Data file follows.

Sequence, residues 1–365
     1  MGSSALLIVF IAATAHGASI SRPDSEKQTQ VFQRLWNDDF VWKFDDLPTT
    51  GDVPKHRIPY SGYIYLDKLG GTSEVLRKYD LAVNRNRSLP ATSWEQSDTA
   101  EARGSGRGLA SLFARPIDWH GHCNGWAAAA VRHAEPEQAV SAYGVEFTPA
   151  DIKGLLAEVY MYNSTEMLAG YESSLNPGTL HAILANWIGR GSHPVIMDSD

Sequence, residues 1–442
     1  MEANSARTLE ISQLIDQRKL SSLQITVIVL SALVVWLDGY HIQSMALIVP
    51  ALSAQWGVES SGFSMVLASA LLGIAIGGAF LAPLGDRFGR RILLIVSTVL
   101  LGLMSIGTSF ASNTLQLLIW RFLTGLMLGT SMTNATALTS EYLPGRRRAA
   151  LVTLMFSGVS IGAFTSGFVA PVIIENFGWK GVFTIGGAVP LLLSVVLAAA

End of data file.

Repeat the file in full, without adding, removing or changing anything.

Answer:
Sequence, residues 1–365
     1  MGSSALLIVF IAATAHGASI SRPDSEKQTQ VFQRLWNDDF VWKFDDLPTT
    51  GDVPKHRIPY SGYIYLDKLG GTSEVLRKYD LAVNRNRSLP ATSWEQSDTA
   101  EARGSGRGLA SLFARPIDWH GHCNGWAAAA VRHAEPEQAV SAYGVEFTPA
   151  DIKGLLAEVY MYNSTEMLAG YESSLNPGTL HAILANWIGR GSHPVIMDSD

Sequence, residues 1–442
     1  MEANSARTLE ISQLIDQRKL SSLQITVIVL SALVVWLDGY HIQSMALIVP
    51  ALSAQWGVES SGFSMVLASA LLGIAIGGAF LAPLGDRFGR RILLIVSTVL
   101  LGLMSIGTSF ASNTLQLLIW RFLTGLMLGT SMTNATALTS EYLPGRRRAA
   151  LVTLMFSGVS IGAFTSGFVA PVIIENFGWK GVFTIGGAVP LLLSVVLAAA